El Niño is not our friend

“Climate’s capacity to inflict misery rises steeply when imperial arrogance and ideology hinder a society’s adjustments to extreme weather.”
Eugene Linden – The Winds of Change

Four years into persistent drought, California is now being told an El Niño is forming in the Pacific, and moreover that it appears to be among the strongest ever. While initially this may appear to be good news portending copious rainfall for our dry state, upon deeper examination the reality of a powerful El Niño should give California and the rest of the world pause.

Climate change is not a recent phenomenon, though global warming caused by the burning of fossil fuels is entirely modern. Looking back prior to our industrial age reveals earth’s dramatic history of periodic climate change, none of which was the result of human activity. A variety of scientifically collected and analyzed records including ice cores, sediment samples, radiological analysis, and geologic excavations reveal that in the past 10,000 years alone tremendous climate oscillations have taken place. 4,200 years ago, for example, centuries-long El Niño -like climate disruption set off a cascade of famine which collapsed entire civilizations.

Planetary climate change – cooling, warming, storminess and periods of relative a calm – all occur at varying intervals as a result of factors as diverse as the flattening and rounding of earth’s orbit and distance from the sun, shifts back and forth in its angle of axis from 22 to 24 degrees, sun spot activity, volcanic activity, changes in atmospheric and oceanic flow, formation of ice sheets, and feedback responses to each and any of these influences. Earth’s climate is constantly changing subject to both short-term and long term events.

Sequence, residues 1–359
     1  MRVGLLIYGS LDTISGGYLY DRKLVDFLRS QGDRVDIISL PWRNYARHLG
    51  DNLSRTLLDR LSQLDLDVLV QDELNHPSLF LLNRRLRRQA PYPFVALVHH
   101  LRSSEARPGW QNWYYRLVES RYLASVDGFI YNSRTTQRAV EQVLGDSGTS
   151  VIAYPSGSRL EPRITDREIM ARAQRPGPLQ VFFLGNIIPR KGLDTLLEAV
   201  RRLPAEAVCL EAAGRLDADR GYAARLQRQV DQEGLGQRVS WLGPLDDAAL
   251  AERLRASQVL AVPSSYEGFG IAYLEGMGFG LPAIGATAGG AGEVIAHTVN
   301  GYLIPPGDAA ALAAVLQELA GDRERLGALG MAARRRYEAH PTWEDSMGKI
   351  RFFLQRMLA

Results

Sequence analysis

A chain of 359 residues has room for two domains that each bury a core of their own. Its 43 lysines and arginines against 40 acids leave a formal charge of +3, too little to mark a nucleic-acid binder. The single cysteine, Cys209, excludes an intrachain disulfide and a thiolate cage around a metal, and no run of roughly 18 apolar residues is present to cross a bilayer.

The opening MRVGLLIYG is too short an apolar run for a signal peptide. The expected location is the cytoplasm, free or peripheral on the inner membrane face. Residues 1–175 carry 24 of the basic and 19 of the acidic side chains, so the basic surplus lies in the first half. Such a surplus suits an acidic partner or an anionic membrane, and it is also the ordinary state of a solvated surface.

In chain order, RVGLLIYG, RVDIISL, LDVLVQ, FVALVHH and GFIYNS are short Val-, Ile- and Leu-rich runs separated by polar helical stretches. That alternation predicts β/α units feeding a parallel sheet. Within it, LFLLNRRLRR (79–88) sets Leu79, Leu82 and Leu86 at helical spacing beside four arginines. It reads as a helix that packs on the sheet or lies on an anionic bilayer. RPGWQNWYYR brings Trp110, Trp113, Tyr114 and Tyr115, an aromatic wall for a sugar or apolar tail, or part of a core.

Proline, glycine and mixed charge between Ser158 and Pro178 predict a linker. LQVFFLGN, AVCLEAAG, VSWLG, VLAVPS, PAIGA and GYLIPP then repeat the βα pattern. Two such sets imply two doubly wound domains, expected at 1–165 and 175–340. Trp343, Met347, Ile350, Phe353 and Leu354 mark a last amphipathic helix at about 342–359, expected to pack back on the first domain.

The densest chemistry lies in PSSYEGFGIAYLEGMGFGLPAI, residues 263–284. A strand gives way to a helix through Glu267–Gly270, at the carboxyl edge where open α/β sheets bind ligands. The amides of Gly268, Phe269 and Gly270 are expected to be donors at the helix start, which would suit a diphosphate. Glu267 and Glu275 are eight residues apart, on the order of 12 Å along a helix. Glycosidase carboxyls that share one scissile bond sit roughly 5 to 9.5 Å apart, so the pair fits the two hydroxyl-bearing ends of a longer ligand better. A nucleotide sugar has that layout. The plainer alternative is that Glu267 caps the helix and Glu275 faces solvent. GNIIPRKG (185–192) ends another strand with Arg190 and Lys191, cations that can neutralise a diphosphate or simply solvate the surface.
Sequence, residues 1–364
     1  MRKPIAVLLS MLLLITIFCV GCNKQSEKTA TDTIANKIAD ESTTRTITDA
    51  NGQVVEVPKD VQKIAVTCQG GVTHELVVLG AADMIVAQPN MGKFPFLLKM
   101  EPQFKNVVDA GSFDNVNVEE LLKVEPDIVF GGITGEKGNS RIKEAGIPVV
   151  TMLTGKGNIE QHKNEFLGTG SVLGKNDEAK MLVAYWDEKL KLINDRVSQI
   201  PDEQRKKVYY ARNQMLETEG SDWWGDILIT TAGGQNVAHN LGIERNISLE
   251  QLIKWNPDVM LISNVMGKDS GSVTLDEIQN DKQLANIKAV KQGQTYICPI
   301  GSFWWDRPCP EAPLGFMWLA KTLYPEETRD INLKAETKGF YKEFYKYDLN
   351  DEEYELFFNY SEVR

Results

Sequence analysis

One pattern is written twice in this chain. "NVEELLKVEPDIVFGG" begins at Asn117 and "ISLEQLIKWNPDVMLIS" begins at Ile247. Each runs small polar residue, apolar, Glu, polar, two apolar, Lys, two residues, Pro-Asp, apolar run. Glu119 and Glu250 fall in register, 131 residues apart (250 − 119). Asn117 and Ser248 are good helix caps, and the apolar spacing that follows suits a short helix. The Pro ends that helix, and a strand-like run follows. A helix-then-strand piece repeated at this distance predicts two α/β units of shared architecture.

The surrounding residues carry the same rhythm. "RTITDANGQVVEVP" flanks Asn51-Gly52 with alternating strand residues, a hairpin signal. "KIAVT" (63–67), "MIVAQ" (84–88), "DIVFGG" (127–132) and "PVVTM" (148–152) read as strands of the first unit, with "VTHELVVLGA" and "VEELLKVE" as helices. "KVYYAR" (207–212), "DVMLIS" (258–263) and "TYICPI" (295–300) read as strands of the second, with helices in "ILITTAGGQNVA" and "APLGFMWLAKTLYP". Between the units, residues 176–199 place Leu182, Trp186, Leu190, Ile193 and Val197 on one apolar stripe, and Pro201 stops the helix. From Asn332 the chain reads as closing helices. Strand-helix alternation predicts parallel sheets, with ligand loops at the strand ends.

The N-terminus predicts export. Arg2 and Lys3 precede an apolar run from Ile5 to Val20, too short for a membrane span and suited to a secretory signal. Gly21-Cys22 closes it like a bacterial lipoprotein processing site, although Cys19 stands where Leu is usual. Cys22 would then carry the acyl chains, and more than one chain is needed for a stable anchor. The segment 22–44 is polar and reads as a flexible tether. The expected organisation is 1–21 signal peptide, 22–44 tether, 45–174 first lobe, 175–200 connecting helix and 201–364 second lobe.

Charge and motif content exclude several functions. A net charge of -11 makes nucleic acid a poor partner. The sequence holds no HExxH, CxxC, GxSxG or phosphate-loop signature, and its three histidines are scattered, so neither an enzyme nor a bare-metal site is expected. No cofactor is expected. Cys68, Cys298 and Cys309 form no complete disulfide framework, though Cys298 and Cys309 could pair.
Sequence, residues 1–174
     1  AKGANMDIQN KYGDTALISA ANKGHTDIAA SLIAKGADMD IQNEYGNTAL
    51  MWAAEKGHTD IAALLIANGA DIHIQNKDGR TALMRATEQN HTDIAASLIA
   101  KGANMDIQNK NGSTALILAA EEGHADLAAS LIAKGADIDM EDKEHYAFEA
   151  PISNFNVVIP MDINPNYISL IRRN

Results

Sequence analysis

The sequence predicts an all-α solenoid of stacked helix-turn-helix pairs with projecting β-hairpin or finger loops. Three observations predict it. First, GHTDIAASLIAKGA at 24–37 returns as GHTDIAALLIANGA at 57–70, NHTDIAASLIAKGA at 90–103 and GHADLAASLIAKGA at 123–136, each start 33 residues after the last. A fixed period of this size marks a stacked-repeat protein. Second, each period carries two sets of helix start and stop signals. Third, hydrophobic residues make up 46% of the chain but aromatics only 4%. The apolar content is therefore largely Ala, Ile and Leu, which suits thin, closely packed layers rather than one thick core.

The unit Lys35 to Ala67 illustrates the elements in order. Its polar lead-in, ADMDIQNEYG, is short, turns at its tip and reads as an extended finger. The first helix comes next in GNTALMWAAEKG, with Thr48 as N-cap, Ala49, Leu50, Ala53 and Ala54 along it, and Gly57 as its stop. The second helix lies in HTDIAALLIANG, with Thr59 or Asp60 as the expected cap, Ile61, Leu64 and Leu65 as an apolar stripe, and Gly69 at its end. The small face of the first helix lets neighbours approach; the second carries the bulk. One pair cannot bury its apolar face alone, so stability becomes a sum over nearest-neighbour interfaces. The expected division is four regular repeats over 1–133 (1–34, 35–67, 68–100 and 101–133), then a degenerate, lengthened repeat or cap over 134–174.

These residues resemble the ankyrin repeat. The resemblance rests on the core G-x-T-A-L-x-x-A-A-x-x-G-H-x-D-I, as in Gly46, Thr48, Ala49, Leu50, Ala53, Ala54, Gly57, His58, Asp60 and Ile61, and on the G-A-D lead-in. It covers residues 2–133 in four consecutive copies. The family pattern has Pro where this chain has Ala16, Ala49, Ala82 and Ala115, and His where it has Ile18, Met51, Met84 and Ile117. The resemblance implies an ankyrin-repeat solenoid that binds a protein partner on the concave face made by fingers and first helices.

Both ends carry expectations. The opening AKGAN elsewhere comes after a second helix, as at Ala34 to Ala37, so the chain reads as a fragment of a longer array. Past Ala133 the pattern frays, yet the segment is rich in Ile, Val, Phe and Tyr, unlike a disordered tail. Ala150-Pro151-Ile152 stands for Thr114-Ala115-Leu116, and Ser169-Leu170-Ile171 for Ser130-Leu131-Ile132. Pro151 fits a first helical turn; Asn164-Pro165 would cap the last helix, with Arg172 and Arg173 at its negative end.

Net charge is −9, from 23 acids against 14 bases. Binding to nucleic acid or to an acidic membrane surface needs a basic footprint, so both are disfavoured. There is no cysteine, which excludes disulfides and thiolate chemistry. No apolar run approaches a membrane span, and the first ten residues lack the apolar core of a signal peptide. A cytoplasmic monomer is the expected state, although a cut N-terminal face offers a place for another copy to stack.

Climate history corresponds to the biological history of life on our planet. Adaptation to climate change drives natural selection and creates conditions for both the arising of new species and the demise of old. Lacking such environmental change, the engine of life’s diversity would have been far slower.

While we in California may view the formation of the El Niño with a sense of relief, the rest of the world may justly anticipate it with fear and trepidation. An El Niño is a global event triggered by deep heating of surface waters in the Pacific Ocean, which itself spans over 11,000 miles. Accordingly, though El Niño brings rain to California it also causes severe drought, extreme weather events and severe flooding globally. Worldwide, the El Niño of 1997-99 caused over 100-billion dollars in damage and many thousands of flood-related deaths. Though generally short-term in scale, a strong El Niño nonetheless subjects millions of people to its far-reaching effects.

The current drought reveals our disposition to ignore the historic and now documented reality of climate variability; rather than planning properly for periods of low precipitation we have foolishly wasted water, behaving as if it would always be in abundance. Now, faced with the prospects of a wet winter fueled by El Niño, we’re foolishly placing hopes of salvation in the complex vagaries of nature.

Our rain and snow shortfall has lasted four years, but periods of serious drought have been far longer; the analysis of climate indicators document drought lasting 300 years. Accordingly, one seasonal El Niño will not save us from our arrogance, nor will nature protect us. Rather, our survival depends upon deep, systemic change in our attitudes and actions.

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